The Russian military could be preparing to abandon the beleaguered Zaporizhzhia nuclear plant it has occupied since March, a top Ukraine energy official says.
Petro Kotin, president of Ukraine's nuclear energy operator Energoatom, told the Ukraine TV show TSN that Russians could transfer control of the plant to the International Atomic Energy Agency, although he provided no timeline.
"It looks like they're packing and stealing whatever they can find," Kotin said.
The area around the Zaporizhzhia plant, Europe's largest, has been battered by missile strikes for months and has been offline much of the time. IAEA Director General Rafael Mariano Grossi has repeatedly warned that a nuclear catastrophe could result if fighting in the region is not halted.
Russian attacks cut off essential power to all four of Ukraine's nuclear power plants last week, forcing operators to conduct high-risk procedures.
"We must do everything we can to prevent nuclear accidents at any of these nuclear facilities, which would only add to the terrible suffering we already witnessing in Ukraine," Grossi said.
►Europe is united by a desire to keep Russia from posing a security threat, and a sovereign Ukraine is crucial, Hungarian Prime Minister Viktor Orban said. Orban, who has balked at sanctions aimed at Russia, last week said he would support NATO bids for Sweden and Finland next year.
►Repair crews across Ukraine were scrambling to restore heat, electricity and water services that were severely damaged amid a punishing barrage of Russian missiles targeting infrastructure in recent days.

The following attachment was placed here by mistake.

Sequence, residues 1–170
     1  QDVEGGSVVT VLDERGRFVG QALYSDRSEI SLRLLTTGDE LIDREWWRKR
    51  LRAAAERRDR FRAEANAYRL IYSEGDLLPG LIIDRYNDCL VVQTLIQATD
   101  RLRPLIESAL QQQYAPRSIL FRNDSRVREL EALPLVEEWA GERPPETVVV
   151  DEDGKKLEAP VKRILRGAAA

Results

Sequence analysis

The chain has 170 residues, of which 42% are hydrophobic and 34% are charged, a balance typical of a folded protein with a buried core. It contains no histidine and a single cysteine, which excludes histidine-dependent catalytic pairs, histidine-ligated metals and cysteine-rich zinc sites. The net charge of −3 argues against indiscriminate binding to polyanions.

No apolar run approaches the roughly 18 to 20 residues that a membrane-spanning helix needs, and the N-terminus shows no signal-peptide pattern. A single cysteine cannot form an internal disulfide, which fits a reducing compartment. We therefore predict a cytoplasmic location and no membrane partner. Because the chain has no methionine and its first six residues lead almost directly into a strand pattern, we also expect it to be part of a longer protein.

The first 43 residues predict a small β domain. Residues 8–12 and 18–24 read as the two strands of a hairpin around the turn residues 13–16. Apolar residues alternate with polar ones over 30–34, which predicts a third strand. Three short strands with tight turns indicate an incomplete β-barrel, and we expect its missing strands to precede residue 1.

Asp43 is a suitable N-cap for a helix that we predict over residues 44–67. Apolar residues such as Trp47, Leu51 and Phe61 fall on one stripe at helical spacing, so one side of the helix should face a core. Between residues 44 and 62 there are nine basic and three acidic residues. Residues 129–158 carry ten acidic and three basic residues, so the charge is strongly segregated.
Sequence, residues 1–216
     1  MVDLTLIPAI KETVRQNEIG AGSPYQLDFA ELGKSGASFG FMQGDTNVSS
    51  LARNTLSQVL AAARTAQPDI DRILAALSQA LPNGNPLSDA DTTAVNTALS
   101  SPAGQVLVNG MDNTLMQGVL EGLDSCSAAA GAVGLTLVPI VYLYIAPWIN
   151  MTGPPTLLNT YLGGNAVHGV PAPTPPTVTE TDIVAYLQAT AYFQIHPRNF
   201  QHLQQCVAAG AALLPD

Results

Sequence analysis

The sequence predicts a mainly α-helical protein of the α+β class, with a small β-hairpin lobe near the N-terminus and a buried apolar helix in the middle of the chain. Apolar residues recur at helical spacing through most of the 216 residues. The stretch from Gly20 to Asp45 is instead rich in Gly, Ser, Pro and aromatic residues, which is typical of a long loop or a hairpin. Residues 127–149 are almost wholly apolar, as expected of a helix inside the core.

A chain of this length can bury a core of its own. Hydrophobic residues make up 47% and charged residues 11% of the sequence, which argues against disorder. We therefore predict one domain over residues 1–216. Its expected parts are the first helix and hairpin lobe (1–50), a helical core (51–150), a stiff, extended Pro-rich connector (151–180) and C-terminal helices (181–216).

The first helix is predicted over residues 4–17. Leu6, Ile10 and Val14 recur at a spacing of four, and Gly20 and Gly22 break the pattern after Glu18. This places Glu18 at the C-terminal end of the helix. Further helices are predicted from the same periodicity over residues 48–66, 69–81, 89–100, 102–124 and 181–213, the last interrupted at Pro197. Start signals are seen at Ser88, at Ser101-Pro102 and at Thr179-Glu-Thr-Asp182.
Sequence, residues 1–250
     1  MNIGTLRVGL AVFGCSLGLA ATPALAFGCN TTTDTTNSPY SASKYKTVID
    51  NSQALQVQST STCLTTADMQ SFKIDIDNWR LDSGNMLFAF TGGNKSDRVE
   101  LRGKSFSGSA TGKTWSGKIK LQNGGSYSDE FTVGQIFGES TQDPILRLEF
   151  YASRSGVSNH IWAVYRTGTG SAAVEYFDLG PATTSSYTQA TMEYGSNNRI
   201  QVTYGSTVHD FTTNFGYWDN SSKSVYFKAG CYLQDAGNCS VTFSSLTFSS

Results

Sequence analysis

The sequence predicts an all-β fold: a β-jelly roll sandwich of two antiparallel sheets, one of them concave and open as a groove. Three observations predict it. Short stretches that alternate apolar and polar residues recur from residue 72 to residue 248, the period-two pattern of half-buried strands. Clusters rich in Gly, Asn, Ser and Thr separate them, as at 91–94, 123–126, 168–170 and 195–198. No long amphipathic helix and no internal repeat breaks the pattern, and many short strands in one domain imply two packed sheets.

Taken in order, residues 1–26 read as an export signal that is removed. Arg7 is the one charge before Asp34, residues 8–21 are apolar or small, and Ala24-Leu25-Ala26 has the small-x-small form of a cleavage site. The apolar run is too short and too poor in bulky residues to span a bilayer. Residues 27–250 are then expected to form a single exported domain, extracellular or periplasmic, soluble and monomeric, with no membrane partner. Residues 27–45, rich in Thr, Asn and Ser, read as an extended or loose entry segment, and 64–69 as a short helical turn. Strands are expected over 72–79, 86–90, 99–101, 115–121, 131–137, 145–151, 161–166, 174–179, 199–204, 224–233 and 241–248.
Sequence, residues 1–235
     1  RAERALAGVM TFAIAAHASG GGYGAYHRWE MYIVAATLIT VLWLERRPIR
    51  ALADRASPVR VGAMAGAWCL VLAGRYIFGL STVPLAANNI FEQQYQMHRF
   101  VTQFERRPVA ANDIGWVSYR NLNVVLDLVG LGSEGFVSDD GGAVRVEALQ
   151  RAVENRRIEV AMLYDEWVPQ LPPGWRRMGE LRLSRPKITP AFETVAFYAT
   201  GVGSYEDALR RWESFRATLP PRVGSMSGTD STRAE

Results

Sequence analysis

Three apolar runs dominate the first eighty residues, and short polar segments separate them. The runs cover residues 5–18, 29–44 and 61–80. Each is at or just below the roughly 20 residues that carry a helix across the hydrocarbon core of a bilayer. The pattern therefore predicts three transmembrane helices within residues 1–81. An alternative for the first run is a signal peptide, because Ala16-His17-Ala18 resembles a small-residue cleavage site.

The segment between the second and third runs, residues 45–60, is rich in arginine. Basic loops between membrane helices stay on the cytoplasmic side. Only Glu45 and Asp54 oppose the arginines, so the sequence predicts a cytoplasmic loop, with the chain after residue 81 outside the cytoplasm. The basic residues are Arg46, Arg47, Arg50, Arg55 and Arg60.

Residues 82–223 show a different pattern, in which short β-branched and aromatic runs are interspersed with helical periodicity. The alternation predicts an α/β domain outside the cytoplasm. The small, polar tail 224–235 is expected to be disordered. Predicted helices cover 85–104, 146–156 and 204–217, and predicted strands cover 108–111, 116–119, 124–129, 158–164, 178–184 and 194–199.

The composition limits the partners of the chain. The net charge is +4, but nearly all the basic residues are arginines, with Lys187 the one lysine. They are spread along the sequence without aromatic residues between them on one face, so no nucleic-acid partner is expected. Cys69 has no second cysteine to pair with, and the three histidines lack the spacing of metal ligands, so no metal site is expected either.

Russian leader admits military needs more doctors, equipment
A prominent Russian nationalist says the Russian military doesn't have enough doctors. Leonid Slutsky, leader of the populist Liberal Democratic Party, issued a rare public admission of problems within the military while meeting with mothers of soldiers mobilized to fight in Ukraine.
"There are not enough doctors in the military units; everyone says this," Slutsky, chairman of the foreign relations committee in the lower house of parliament, said at the meeting in St. Petersburg. "I cannot say they do not exist at all, but they are practically not seen there."
Slutsky stressed that the world is watching Russia, and "when we do not have socks, shorts, doctors, intelligence, communications, or simply care for our children, questions arise that will be very difficult to answer."
Olga Suyetina said her son told her that the troops are underequipped.
"There are no gunsights, nothing, we have to buy them by crowdfunding," she said. "They left Kharkiv, there was zero, there was not even polyethylene to cover the dugouts."
Recently liberated Kherson battered by Russian shelling
Thousands of Kherson residents are fleeing the southern Ukrainian city whose liberation had been celebratedweeks earlier. Kherson Gov. Yaroslav Yanushevych said Sunday that Russian forces shelled the region 54 times over the past day, killing one person and wounding two, including a child. Yanushevych, on Telegram, said Russia "purposefully" targeted civilian infrastructure and civilians. Residential buildings, a garage, and an educational institution were hit in Kherson, while eight nearby villages came under fire, Yanushevychsays.
"Russians continue to use terror tactics," the governor said.
This article originally appeared on USA TODAY: Ukraine live updates: Russia could abandon Zaporizhzhia nuke plant